Iowa Supreme Court opinion holding that although inmates have a liberty interest in parole, the state is not violating inmates' right to due process by delaying sex offense treatment that must completed to be meaningfully considered for parole. The opinion states that the Iowa Department of Corrections has acted reasonably in attempting to address the fact there are too many individuals convicted of sex offenses in the system to provide treatment on a timely basis.
Third Circuit opinion reversing district court and holding that Pennsylvania's practice of treating people convicted of sex offenses differently than other individuals for the purposes of placement in halfway houses due to community concerns did not violate Equal Protection Clause.
New York Appellate Division opinion holding that New York state legislature did not intend school grounds exclusion provisions of state sex offense law to apply to youthful offenders.
California Supreme Court Opinion holding that a voter-passed constitutional amendment expanding parole eligibility to individuals convicted of non-violent felonies included non-violent sex offenses or people otherwise required to register.
New York Court of Appeals opinion holding that New York's practice of imprisoning some individuals convicted of sex offenses past dates they would otherwise be released for want of legal housing was not unconstitutional.
Utah Supreme Court opinion affirming that Appellant's due process rights were not violated when the parole board required him to complete a sex offender treatment program, where he was convicted of a non-sexual offense requiring registration and made statements in a presentence report indicating that sexual conduct was connected with the offense of conviction.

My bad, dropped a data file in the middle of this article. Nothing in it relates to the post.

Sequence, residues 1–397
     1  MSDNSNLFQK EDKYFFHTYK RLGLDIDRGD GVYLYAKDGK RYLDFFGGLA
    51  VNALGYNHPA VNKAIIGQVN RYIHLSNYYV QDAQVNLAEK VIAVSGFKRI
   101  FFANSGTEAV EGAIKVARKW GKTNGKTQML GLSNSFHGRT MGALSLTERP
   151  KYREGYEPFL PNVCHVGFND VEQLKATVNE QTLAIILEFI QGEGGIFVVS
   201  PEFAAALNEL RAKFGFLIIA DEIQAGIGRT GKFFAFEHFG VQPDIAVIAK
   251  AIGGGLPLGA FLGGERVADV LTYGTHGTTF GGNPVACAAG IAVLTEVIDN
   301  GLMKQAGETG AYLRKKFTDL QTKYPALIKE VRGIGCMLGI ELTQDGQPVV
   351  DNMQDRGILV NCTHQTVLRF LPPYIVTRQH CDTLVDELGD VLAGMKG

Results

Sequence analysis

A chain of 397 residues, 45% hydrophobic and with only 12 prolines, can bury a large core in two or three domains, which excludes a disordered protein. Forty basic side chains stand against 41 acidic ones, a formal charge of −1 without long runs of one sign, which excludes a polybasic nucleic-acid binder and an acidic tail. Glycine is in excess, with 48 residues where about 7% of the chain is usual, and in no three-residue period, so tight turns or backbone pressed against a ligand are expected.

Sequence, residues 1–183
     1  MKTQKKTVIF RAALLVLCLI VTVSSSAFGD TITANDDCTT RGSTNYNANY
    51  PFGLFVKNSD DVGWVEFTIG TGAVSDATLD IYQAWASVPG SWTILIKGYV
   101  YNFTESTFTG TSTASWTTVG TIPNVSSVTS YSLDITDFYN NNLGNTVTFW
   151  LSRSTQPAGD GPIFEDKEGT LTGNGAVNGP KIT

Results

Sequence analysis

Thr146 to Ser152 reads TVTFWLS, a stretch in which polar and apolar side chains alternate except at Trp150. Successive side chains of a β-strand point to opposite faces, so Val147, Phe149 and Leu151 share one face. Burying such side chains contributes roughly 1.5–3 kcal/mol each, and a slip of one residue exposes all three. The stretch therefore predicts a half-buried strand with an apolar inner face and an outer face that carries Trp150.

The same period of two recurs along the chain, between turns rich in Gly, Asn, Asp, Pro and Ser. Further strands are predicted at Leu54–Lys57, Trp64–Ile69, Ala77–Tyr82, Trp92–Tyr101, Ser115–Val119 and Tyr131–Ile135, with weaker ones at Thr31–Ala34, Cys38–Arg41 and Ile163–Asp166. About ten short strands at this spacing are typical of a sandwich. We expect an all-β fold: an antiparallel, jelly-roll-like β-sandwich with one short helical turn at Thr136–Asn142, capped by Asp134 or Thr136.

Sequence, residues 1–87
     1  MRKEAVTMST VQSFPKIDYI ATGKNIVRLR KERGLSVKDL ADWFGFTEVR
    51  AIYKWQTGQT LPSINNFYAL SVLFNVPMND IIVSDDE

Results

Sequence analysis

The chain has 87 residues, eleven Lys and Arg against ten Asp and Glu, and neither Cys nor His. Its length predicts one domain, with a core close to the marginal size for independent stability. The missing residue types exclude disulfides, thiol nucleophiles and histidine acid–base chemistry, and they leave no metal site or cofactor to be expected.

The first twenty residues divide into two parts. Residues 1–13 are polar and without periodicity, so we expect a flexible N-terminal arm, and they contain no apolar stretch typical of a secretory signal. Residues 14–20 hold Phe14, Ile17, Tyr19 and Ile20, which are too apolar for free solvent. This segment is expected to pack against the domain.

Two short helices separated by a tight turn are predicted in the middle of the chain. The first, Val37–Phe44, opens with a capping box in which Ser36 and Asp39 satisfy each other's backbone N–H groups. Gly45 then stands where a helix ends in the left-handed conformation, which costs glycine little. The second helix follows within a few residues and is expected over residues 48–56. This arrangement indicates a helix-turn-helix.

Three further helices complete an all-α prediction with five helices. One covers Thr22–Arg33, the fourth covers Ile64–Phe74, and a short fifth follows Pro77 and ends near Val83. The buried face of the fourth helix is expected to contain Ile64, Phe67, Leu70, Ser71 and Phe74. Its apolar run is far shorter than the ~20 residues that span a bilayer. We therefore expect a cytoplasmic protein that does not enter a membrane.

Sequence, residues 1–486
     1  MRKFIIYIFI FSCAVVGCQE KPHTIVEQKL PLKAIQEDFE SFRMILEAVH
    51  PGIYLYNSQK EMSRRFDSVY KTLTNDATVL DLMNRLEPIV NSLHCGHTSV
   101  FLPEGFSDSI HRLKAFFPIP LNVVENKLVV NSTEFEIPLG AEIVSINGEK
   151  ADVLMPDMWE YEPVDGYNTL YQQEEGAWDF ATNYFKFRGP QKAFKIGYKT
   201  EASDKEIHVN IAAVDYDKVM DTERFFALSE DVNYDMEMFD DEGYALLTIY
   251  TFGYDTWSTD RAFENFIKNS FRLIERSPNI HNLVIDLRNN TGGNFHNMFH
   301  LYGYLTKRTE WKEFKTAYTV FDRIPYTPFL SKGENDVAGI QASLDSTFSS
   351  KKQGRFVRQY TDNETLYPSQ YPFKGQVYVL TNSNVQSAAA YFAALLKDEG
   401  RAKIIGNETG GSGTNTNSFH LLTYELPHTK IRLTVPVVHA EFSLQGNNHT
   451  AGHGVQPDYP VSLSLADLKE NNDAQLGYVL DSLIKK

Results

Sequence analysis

California Court of Appeal decision finding that California state regulations excluding those convicted of non-violent sex offenses from parole eligibility contradicted plain text of a ballot initiatve, and thus was unlawful.
Michigan Court of Appeals reversing a decision denying parole to an person who was serving a sentence for sex offenses, on the grounds that the parole board did not abuse its discretion and that a treatment completion requirement did not violate state law.
New York Supreme Court, Appellate Division, holding that SARA-related housing restrictions did not apply to individual who was serving a sentence for a non-sexual offense.
California Supreme Court invalidating blanket imposition of residential banishment laws to those convicted of sex offenses and and parole.